Alexey Sidorenko: ‘As we speak, with every new prison sentence, the situation worsens’

Alexey Sidorenko, director, Teplitsa. Photo by author, used with permission

Global Voices is starting a series of publications about the impactful civic projects that were developed in Russia before the war. Teplitsa, a media outlet and NGO that supports Russian civil society abroad and at home, has published a book about the most impactful ones. In this introductory article, we are talking to Teplitsa's founder and director, the well-known activist Alexey Sidorenko. 

Global Voices (GV): Please, tell us about your project, what is Teplitsa doing now?

Alexey Sidorenko (AS):  The largest part of our team, unfortunately, had to leave Russia because of the obvious risks.  We have changed our program.  Soon after the beginning of the full-scale invasion I realized that, not even only from the political, ethical or moral view, war is the biggest evil that we have to deal with.  

From the point of view of the non-governmental sector, war is the biggest factor destroying any social impact that could be potentially achieved by any non-profit— be it human rights, ecology, animal protection, orphan children, or domestic violence. In other words, the war has such a serious all-consuming effect that, in theory, it does not make sense to support any initiatives by and large. I said, in theory, because, despite a serious pivot towards anti-war activity, we still kept some parts of our activities aimed at civil society. 

An anti-war pivot was significant. We thought that because our resources are relatively limited, we have to do the maximum possible, in particular, active things, in order to help the anti-war movement on the one hand and to help save the civil society which really had not stayed neutral, which had also expressed a position on this issue.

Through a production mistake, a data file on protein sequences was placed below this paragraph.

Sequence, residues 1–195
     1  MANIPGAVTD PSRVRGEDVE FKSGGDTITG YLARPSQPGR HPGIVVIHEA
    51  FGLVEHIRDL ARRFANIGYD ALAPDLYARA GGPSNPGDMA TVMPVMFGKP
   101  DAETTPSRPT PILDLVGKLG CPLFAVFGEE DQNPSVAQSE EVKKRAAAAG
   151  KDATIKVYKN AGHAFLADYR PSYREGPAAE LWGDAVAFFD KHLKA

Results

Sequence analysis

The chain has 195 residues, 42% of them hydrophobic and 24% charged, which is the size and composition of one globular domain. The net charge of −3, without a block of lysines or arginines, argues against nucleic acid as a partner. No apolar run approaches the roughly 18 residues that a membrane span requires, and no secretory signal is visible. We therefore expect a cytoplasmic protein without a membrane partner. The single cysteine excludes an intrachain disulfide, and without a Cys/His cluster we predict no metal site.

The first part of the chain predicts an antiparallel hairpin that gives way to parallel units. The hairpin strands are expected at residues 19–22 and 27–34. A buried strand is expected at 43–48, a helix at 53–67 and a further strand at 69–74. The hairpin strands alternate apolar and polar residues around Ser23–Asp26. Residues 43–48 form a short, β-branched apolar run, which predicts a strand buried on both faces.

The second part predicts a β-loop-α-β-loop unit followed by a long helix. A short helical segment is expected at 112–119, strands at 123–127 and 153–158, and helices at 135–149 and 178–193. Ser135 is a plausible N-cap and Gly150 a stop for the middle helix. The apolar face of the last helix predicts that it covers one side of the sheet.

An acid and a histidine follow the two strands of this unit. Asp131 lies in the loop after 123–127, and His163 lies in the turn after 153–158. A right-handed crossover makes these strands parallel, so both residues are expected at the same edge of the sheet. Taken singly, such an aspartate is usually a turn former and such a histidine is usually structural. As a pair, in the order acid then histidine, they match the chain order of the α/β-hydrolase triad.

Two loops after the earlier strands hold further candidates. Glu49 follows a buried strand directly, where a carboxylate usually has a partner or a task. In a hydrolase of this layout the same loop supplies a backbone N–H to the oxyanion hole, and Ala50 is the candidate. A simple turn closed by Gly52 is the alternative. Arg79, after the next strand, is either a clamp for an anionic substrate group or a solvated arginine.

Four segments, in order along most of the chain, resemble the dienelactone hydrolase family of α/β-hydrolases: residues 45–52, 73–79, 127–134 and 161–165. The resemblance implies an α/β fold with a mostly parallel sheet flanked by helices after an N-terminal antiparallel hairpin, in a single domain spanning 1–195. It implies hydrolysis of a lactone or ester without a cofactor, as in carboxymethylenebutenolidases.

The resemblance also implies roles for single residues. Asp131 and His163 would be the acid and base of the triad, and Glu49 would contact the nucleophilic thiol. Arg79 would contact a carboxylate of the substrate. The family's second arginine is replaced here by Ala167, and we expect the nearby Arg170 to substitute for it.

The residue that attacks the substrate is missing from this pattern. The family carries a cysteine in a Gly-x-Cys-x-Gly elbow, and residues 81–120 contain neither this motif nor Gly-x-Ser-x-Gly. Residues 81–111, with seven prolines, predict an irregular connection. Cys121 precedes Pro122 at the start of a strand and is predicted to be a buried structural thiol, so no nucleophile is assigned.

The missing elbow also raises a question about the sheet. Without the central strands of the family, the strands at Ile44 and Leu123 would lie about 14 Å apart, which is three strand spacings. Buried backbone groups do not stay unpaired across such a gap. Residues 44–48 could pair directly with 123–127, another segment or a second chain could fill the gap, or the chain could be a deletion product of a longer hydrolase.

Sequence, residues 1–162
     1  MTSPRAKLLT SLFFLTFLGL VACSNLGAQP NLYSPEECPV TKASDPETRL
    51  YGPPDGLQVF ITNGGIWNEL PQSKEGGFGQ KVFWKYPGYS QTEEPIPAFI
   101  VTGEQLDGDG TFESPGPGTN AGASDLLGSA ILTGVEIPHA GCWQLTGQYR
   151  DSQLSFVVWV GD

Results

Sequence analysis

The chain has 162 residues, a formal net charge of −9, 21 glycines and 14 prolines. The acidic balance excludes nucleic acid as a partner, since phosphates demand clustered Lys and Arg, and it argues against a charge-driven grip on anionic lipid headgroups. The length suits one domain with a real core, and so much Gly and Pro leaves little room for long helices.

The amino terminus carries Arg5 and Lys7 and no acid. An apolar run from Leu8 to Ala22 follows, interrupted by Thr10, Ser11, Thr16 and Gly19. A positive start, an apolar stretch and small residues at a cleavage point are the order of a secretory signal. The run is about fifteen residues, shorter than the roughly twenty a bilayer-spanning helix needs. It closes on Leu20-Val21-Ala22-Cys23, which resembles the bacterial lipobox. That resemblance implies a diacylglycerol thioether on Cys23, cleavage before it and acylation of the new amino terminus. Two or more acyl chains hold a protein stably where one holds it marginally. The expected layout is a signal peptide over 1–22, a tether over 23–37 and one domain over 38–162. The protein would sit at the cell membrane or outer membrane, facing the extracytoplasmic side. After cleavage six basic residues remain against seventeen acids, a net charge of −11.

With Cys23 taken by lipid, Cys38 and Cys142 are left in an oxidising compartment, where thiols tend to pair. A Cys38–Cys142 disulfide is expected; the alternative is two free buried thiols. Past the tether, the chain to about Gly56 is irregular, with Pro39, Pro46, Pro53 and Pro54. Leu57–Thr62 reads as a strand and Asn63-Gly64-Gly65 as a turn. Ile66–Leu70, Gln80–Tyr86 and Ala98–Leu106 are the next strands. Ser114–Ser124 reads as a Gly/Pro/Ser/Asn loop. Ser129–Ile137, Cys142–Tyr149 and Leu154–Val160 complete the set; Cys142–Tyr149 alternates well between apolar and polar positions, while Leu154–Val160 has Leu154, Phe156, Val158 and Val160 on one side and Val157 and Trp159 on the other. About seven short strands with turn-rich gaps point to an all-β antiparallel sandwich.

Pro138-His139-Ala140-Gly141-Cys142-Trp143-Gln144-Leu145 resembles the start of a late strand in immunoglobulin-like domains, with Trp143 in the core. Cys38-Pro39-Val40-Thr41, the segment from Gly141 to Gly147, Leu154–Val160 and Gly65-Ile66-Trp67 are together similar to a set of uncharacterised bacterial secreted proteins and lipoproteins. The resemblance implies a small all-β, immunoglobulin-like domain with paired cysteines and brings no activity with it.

Of course, inside Russia there’re still organizations that keep doing very important work event though they haven’t loudly declared as anti-war. We don’t know what happens with them and what dangers they’re exposed to. We know that there was a story with the petition of 300 civic organizations, and a lot of them had not received presidential grants afterwards and they were approached by the secret services. Some of the managers of those organizations had to leave the country afterwards. 

We decided not to put any accusatory labels on those who stayed silent about the war. And yet, in our programming, given our limited resources, we just decided not to provide any extra services to the organizations without values that correspond with ours. And democracy, empathy, human rights, and denouncing of the war are among them. 

Previously we based our active assistance on whether organizations serve one of the [UN's] Sustainable Development Goals (SDGs). Since February 2022, just serving the SDGs is not enough, and we only help those organizations that accept our values. Of course, everybody can still read our website or our Open Source products, but participation in the events or receiving consultations requires accepting our values.